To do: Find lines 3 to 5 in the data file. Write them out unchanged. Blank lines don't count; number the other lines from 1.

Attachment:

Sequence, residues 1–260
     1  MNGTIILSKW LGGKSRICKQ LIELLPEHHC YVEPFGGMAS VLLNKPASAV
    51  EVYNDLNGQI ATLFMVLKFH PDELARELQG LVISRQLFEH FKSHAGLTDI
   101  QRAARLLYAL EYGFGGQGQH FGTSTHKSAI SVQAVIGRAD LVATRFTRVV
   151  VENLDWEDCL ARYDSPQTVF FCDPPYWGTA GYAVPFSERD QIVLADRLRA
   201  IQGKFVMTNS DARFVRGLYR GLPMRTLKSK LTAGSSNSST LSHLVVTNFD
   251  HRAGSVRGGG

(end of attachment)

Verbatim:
    51  EVYNDLNGQI ATLFMVLKFH PDELARELQG LVISRQLFEH FKSHAGLTDI
   101  QRAARLLYAL EYGFGGQGQH FGTSTHKSAI SVQAVIGRAD LVATRFTRVV
   151  VENLDWEDCL ARYDSPQTVF FCDPPYWGTA GYAVPFSERD QIVLADRLRA